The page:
OTTAWA - Canada's jobless rate edged up to a more than two-year high in May and wage growth accelerated, data showed on Friday, giving two diverging signals on how the Bank of Canada will digest the reading for its next rate decision in July.

The unemployment rate was up to 6.2% from 6.1% in April, matching forecasts. The jobless rate, on an upward trend over the past year, has risen 1.1 percentage points since April 2023, Statistics Canada said.

However, the average hourly wage growth for permanent employees accelerated to an annual rate of 5.2% from 4.8% in April, Statscan data showed. That growth rate was the highest since January's 5.3% rate.

Rising unemployment is a sign in part of the economy buckling under the pressure of high interest rates. But quicker wage growth, especially when growing faster than inflation, complicates the fight to rein in consumer price increases. Annual inflation in April stood at 2.7%.

"Little bit of an ugly job report," said Jules Boudreau, senior economist, Mackenzie Investments.

"The biggest worry is that the wages have gone up and that's a problem for the Bank of Canada," he said, adding that in the past the bank was hesitant to cut rates because wages were rising too quickly.

Money markets, which had been betting for an over-50% chance of a rate cut in July, trimmed bets to 44% after the jobs data.

The BoC had warned on Wednesday that if wage growth remains high it could slow progress on taming inflation and economists cautioned the bank should move slow with rate cuts. The BoC cut its key policy rate to 4.75% and indicated that further easing would be gradual and dependent on data.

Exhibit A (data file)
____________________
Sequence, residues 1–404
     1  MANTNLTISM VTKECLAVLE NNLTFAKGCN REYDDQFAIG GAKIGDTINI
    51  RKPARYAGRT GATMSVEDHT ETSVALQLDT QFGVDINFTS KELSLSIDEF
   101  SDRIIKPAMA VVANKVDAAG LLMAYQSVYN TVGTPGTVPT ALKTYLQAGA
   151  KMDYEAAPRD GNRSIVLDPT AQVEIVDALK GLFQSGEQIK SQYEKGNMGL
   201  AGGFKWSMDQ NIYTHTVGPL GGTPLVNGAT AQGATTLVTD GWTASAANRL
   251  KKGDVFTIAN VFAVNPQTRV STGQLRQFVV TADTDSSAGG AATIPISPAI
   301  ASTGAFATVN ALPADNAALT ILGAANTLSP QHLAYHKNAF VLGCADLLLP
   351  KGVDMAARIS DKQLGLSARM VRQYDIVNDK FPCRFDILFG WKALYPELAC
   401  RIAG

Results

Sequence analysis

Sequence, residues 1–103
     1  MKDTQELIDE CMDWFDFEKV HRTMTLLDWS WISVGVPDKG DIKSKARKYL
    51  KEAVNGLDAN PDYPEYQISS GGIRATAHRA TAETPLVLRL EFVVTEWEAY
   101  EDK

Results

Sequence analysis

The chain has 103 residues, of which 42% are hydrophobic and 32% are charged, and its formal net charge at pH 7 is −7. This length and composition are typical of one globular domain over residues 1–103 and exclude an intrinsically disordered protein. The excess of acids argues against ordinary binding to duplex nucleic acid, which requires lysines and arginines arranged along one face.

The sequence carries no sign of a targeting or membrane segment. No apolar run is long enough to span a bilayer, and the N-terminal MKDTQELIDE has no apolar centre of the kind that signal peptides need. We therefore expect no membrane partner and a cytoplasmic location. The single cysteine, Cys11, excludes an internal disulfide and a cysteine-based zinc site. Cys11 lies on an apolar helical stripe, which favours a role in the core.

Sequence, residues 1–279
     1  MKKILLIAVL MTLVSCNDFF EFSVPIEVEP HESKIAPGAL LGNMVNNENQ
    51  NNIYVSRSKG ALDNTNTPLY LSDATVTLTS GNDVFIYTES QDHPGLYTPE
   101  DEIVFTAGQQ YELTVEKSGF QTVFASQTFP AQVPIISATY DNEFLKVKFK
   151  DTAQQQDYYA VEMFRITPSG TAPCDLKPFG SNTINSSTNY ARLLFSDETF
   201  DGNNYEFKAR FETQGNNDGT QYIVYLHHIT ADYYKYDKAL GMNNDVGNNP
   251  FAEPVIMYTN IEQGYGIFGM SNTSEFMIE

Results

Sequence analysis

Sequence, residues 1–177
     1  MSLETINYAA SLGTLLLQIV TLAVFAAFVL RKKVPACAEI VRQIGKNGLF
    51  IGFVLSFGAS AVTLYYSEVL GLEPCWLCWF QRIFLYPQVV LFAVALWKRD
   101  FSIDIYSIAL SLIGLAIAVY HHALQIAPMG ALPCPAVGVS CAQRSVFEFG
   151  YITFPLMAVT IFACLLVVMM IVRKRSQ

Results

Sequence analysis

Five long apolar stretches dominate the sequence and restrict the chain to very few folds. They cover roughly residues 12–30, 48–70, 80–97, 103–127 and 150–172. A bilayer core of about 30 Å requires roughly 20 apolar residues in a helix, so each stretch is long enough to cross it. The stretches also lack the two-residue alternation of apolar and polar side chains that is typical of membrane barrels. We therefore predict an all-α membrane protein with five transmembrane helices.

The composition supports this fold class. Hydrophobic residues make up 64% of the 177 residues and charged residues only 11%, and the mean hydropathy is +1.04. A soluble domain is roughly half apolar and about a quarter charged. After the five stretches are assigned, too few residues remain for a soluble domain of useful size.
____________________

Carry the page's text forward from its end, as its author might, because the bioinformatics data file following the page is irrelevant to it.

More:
The bank will have another month's job data before its next rate decision announcement on July 24.

The Canadian dollar was trading 0.36% lower at 1.3717 to the U.S. dollar, or 72.91 U.S. cents, as investors also weighed stronger-than-expected U.S. jobs data.

The jobs gains in the economy were marginal at 26,700 but surpassed the numbers forecast by analysts in a Reuters poll by over 18%.

This was primarily because a continued increase in population offset the economy's ability to absorb people coming into the labor market.

Economists had said that with no slowdown in population growth seen in the short-term, any job additions below 45,000 people would push the unemployment rate higher.

"It's a weak enough increase in employment, given the unemployment rate change, for the BoC to feel comfortable cutting rates again at the next meeting," said Andrew Kelvin, head of Canadian and global rates strategy at TD Securities.

However, he said wage growth above 5.2% could be a concern for the BoC.

The jobs data came at the same time as U.S. employment data which showed that non-farm payrolls increased by 272,000 jobs last month, which bolstered expectations of a hold on rate cuts by the Federal Reserve till September.

The Canadian employment gains in May were driven by part-time work, which more than offset full-time positions lost in the month, StatsCan said.

It noted that the proportion of part-time workers who could not find a full-time job or worked part-time due to poor business conditions was 18.2% in May, the highest since December 2021.

In May, employment in the goods sector decreased by a net 20,700 jobs, mainly in construction, while the service sectors gained a net 47,400 positions, led by healthcare and social assistance as well as finance-related jobs.

(Additional reporting by Dale Smith; editing by Andrea Ricci and Mark Heinrich)